Top 4 cocktail bars in Singapore

We join one of the city’s most beloved baristas, Ethan Leslie Leong, for an epic cocktail crawl across four of his favorite local haunts

A bartender at work at Maison Ikkoku

A bartender at work at Maison Ikkoku

The bar at Maison Ikkoku

The bar at Maison Ikkoku

Quaffing down cocktails at Maison Ikkoku

Quaffing down cocktails at Maison Ikkoku

If you didn’t know who Ethan Leslie Leong was, you’d guess immediately he was a rock star. Grinning warmly, he struts into a Japanese izakaya at the start of our cocktail crawl clad in casual blazer, black-and-gold striped T-shirt, black pants and pointy silver shoes. He’s riding a wave: the right side of 40 and married only weeks ago, he’s preparing to open the elegant Fort bar in a colonial park, where I visited him the night before.

This cocktail king is all easy charm and quiet intensity, a soft-spoken grafter who took the hard-knocks route to success. Leaving his native Malaysia in 1993 with just a suitcase and S$300, he was already a respected bar-biz veteran by the time Singapore saw its first wave of mixology mania. Ethan has stayed at its vanguard ever since, making him the ideal guide to a scene that’s now blossomed into one of Asia’s most vibrant.

The Horse’s Mouth

The izakaya where we meet, The Horse’s Mouth, has a setting that’s both incongruous — in a mall opposite Orchard Towers, the city’s best-known house of sin — and highly discreet. Pull back a brown curtain and you enter a sombre room marked by the minimalist, linear styling that defines Japanese interior design. It’s a space conducive to hushed cocktail appreciation, and my fruity Aviator – Tanqueray mixed with maraschino, lemon and egg white – contrasts starkly with Ethan’s Summer Solstice, a potent amalgam of rum, vermouth and schnapps.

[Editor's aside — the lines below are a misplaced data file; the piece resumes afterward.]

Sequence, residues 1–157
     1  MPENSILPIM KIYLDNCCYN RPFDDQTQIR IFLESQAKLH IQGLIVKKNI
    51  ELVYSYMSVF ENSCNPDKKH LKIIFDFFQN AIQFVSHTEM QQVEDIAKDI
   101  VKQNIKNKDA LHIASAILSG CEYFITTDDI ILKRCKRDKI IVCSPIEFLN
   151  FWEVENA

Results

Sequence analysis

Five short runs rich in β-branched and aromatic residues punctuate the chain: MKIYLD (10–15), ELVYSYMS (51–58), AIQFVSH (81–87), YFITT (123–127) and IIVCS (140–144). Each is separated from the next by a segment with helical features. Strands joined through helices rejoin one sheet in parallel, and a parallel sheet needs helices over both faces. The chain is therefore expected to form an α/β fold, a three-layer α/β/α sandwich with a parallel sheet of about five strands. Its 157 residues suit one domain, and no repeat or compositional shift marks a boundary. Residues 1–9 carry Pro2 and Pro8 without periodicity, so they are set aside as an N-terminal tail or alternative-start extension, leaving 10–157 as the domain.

Having gained senior management experience, by the mid-2000s Ethan wanted to follow his own path. “I said, ‘I’m so tired of working for people.’ I resigned, took my money and opened up a bar. I failed the first time. You learn to overcome that, then you rise again.”

His determination to bring a classier drinking experience to Singapore soon saw him become a pioneer of the incipient cocktail scene as he co-founded the swanky Drink Culture. “In 2010 the consumer would say, ‘Can I have a rum and Coke, a gin and tonic?’ I explained that we were a cocktail bar. I learned consumer education was very important. If you educate the people around you, your passion will be sustained. The place became packed… and Singapore became the next cocktail city.”